Since the younger one will be older and more predictable this year, I can probably be more active with them.

      In the summer we go to the pool a lot and I get some exercise just walking in the water to supervise their nascent swimming skills.

    • Zumba Fan :

      Zumba once a week, pole dancing twice a week, regular stretching and planks at home

    • I’m in my early 30’s and I’ve exercised regularly since I graduated from college.

      I run 4-5 x a week. I try to vary my runs so that I have 2-3 medium to hard workouts (tempo or intervals) and 2-3 easier runs (although one of those easier runs would ideally be a longer run). During the week, I wake up early and run 6 miles. On the weekend, I sleep in and run between 7 and 20 miles, depending on what I’m training for at the time.

      I do yoga once per week, usually on the weekend, although sometimes I’ll go to an after-work class.

      I try to do planks, light weights and stretching 2x per week, but I’m bad about actually doing it because I hate weights and stretching.

      I walk the dog between 15 and 30 mins a day.

    • a passion for fashion :

      about a year ago, I started doing the bar method classes and i love it. i do the 6 am class b/c that is the only place in my day i regularly have time (w/ 2 kids and a big law job). I go 3-5 times a week, usually M/W/F and one or both Sat/Sun. Then I alternate between doing nothing, doing the eliptical, or trying some new class at the gym on T/Th.

      I found that having a class i have to sign up for in advance and get charged for if i dont show makes me go. And while i am tired some mornings, by the time class is over I always feel awake and great, and i generally have more energy throughout the day. I put my workout clothes in the bathroom at night so i dont have to do much in the morning.

    • God, I love Michelle Obama.

      My workout routine varies depending on whether I’m training for a race, or just runnin’ ’cause I like it. But a standard, no-race-on-the-calendar week looks something like:
      1) Run five or six days a week; total mileage is usually between 20-30
      2) Walk dog at for least two miles a day

      If I have a race, I run more miles and am diligent about strength training. I haven’t lifted seriously since I had access to my college gym, but if I have a race I do core work and pushups three or four times a week. I’d lift if I belonged to a gym; I enjoy it, but not enough to do it on my own. In the US, I usually manage to do yoga at least once every two weeks.

    • Interesting. My usual schedule is:

      Monday: Total Body Conditioning Class at noon and EA Sports Active for wii after work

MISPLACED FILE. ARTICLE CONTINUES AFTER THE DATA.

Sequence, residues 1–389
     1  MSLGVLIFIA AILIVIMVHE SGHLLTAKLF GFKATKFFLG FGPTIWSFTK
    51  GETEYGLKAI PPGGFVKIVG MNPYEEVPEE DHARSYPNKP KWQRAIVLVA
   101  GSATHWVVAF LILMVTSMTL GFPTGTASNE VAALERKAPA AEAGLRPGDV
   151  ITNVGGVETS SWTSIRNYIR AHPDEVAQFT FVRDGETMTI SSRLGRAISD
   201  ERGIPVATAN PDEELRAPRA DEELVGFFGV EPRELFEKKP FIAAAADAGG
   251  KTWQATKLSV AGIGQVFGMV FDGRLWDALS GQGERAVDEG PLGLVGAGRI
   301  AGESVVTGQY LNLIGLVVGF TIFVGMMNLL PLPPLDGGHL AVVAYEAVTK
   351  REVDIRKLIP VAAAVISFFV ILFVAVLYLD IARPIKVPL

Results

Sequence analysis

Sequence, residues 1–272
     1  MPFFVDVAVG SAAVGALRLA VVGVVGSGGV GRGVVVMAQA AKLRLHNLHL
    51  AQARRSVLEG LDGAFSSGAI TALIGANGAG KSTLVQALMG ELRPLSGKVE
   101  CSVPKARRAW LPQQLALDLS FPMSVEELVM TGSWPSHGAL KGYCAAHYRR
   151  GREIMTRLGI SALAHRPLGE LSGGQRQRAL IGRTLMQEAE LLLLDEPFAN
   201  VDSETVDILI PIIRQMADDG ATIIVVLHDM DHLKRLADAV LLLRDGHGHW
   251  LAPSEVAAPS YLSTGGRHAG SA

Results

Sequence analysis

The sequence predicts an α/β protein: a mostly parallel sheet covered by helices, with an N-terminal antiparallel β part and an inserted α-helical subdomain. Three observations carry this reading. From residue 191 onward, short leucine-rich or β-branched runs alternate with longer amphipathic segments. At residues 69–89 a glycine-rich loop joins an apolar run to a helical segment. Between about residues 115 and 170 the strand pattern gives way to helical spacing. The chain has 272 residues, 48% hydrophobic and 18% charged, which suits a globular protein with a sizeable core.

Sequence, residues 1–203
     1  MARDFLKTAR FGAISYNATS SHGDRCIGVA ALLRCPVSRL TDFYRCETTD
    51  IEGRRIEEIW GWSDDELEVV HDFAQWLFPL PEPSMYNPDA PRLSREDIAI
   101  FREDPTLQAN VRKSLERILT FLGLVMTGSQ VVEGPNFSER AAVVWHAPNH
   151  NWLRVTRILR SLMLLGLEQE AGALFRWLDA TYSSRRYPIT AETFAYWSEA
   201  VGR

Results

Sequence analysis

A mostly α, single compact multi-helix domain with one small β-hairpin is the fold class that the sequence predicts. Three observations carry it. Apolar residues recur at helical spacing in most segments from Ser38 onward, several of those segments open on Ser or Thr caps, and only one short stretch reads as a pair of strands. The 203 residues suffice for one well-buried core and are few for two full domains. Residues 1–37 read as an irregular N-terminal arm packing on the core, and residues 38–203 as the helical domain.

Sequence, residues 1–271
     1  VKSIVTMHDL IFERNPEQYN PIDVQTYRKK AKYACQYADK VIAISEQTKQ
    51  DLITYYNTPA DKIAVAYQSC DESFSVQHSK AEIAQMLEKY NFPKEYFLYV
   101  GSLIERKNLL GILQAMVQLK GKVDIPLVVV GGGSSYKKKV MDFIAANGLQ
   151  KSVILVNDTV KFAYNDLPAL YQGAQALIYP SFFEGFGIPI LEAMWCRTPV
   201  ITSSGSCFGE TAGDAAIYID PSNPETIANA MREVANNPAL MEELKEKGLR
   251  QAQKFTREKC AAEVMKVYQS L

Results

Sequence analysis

Tuesday: 45 minutes Treadmill at noon and EA Sports Active after work
      Wednesday: Strength Training class at noon and EA Sports Active after work
      Thursday: 45 minutes Treadmill at noon and EA Sports Active after work
      Friday: yoga class at noon
      Saturday: 45 minutes Treadmill
      Sunday: 45 minutes Treadmill

      But right now I’m having a lot of pain in my thumb. I should probably see a doctor. So I’ve been substituting the treadmill for the Monday and Friday classes.

      • That much treadmill time would just kill me. I go bonkers if I have to use it more than once a week, although once a week / every two weeks is usually okay because I like to zone out to music every so often and I don’t wear headphones outside.

        • I walk fast and read my kindle while I’m on the treadmill. And forgot to add that I also have a fitbit.

    • Anastasia :

      Oh man, this thread makes me sad that I have totally let my exercise routine go in the last 3 months or so. I like to blame it on pregnancy, winter weather, and having no time, but really I’m just lazy… it’s a vicious cycle, because when I don’t exercise, I feel gross and have even less energy, and then it’s harder to get back to exercising.

      Thanks for posting MO’s interview… she’s totally right that if I can make time for a job I don’t love, I can make time for me. I’ll be dragging myself to the gym tonight–still one day left for me to sign up with no initiation fee, and hopefully most of the new years resolutioners have thinned out! Plus, that free childcare for a couple hours is going to be a godsend in a few months.

    • Kontraktor :

      How do you all deal with this? What do you give up? Do you not cook? Do you outsource all house chores?

      Hubs and I already get up at 530 because it takes us about 1 hour to get ready. We only have one car/drive to work together, so I am usually in to work right at 7. We get home around 5.15-5:45. Chores (cook, eat, clean up, prep lunch/breakfast for next day, get work stuff together) takes about 2 hours. So, we’re not even sitting down sometimes until 7.30 to 8.

      if we worked out after work, that would be pushed even later. I am sad I don’t have any real activity routine, but seriously have no idea how you all are fitting this much stuff in with other maintenence activites (also, how do you all work out in the middle of day/right before work? it seriously takes me 15 min to put on makeup and I could not wash/blow dry my hair every day without adding hours to routine).

      • momentsofabsurdity :

        I am not as hardcore as some of the impressive women – I tend to average 4-5x per week at the gym, not 6 or 7. I’m also only balancing me/my schedule/my job – if I had a husband and kids, I’m sure it would be exponentially harder. That said –